- DFS Roster Analysis
- Daily DFS
- Saturday Selections
1. DFS Roster Analysis
Let’s try another round of roster analysis. Yesterday, Glen1475 took home the bacon in the FanDuel Single ($5 entry, $800 top prize). He scored a total of 58.33 points – congratulations. His roster was:
In a field of flawed pitchers, Wheeler was a good choice. The Phillies offense has looked pretty sketchy lately, as evidenced by Josh Beckett‘s no hitter. Sanchez and Reyes were blanks, but neither player was a bad choice. If memory serves, Sanchez was extremely cheap and batting fifth. Encarnacion and Craig carried the offense. Glen wasn’t interested in stacking, but it does seem like he tried to maximize his plate appearances. Upton and Hamilton are very high-risk, high-reward choices since they do nothing so often. They basically did nothing yesterday, but the pair’s 1.75 points was the difference between first and second place (and $300).
All in all, I can see a process informing this roster. Personally, I would have liked to use more mini stacks of the Reyes-Encarnacion variety. Wheeler was also cheap enough that a full Jays stack with Bautista could have been managed. Bautista plus Kole Calhoun would have massively outperformed the Upton-Hamilton pair, both in expected and actual performance.
2. Daily DFS
Rack ‘em up, we have 15 late games today.
Chasing stacks at Yankees Stadium is often a good idea. With Ricky Nolasco on the hill for the Twins, the hometown Yankees look mighty interesting. For their part, the Twins face a very exploitable Vidal Nuno. Just watch out for rain.
The Nats see Colby Lewis. He’s looked a bit sharper in recent outings, but he has to be very sharp to succeed with his middling stuff. Aside from Adam LaRoche, the Nationals don’t have many noteworthy lefties to send against Lewis.
The Blue Jays have a few bashing bats who will enjoy the platoon advantage against Jason Vargas. They’re expensive sorts, but worth every penny.
John Danks was crisp through his first few starts, but the wheels have fallen off the Danksbus. Walks have shot him in the foot, as they’re wont to do. While the Padres’ offense borders on pitiful, they have a few right-handed bats who should enjoy a game at U.S. Cellular Field.
I like Travis Wood, I really do. I like the Brewers ability to mash lefties even more. I can’t even describe how much more – it’s like the difference between the world’s best burger and boiled broccoli.
The Orioles have a few reputable righties to send after left-handed starter Brett Oberholtzer. Minute Maid Park isn’t as friendly to hitters as Camden Yards, but it’s friendly enough.
3. Tomorrow’s Tamales
Pitchers to Start: Franklin Morales is an unusual pick to start given that he’s not really a starter. His biggest problem this season has been home runs (5.65 ERA, 4.49 xFIP), so Progressive Field should help him out. The Indians are also rather pitiful against lefties – they currently rank 27th in wRC+ against southpaws. This is a dangerous start to play, but there’s upside from the park and opposing lineup.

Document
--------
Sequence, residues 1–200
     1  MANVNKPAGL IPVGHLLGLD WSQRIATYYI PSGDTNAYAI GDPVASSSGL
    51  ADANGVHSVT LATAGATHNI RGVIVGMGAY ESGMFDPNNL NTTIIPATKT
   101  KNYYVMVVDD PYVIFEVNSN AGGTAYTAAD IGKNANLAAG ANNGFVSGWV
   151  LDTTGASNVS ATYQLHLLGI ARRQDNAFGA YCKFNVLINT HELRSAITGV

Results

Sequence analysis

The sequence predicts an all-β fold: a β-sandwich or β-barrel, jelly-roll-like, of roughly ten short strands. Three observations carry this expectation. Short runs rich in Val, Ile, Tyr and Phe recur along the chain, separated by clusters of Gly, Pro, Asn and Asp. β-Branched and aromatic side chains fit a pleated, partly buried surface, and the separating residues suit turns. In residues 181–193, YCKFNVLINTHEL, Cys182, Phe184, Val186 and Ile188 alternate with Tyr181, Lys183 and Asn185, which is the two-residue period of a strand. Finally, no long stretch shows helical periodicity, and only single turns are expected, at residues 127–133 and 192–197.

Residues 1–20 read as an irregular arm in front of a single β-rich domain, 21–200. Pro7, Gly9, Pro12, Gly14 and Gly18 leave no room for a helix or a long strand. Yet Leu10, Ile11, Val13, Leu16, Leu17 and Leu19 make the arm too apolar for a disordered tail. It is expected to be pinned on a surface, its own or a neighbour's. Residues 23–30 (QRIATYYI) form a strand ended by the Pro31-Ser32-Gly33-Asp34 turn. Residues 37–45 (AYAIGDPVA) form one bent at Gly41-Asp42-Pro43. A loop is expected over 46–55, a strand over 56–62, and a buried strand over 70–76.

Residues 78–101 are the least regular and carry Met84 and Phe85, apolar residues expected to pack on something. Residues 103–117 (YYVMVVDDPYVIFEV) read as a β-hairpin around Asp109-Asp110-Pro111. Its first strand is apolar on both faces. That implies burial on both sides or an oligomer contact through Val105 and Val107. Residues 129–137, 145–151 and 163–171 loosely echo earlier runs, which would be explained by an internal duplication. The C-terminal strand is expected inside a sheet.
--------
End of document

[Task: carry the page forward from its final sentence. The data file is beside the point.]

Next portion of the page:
Chase Utley carried the Phillies offense through the first couple weeks of the season. Ever since, they’ve been sliding towards the bottom of the league in offense. Jacob Degrom isn’t pitching particularly well – his 1.83 ERA belies his 5.13 FIP. However, the matchup might be good enough to use him anyway.
Yep, I’m going to keep on trotting out Brandon McCarthy‘s name until he passes the 50 percent owned threshold. The Cincinnati Reds have a deceptively bad offense, although a start against Johnny Cueto mean’s he’ll have a hard time securing the win.
Pitchers to Exploit: If you thought Nolasco was a good target for Yankees lefties today, take a look at Kevin Correia at Yankee Stadium tomorrow. I know I will.
The Braves lack many interesting waiver wire hitters, but you can try the few available against Jacob Turner.
Yan Gomes is an easy pick against Morales.
Hitters (speed): Tommy La Stella could be worth a try even though he won’t have the platoon advantage. Nor is he guaranteed to start.
The table below indicates which stadiums have the best conditions for hitters today. The color coding is a classic stoplight where green equals go for hitters. The weather conditions are from SI Weather’s home run app. A 10/10 means great atmospheric conditions for home runs. A 1/10 means lousy atmospheric conditions.
Thunderstorms are possible in New York, Boston, and St. Louis. At around a 50 percent chance, it’s too early to know what to do.
The Link. You shouldn’t have any trouble finding a hitter’s park today.
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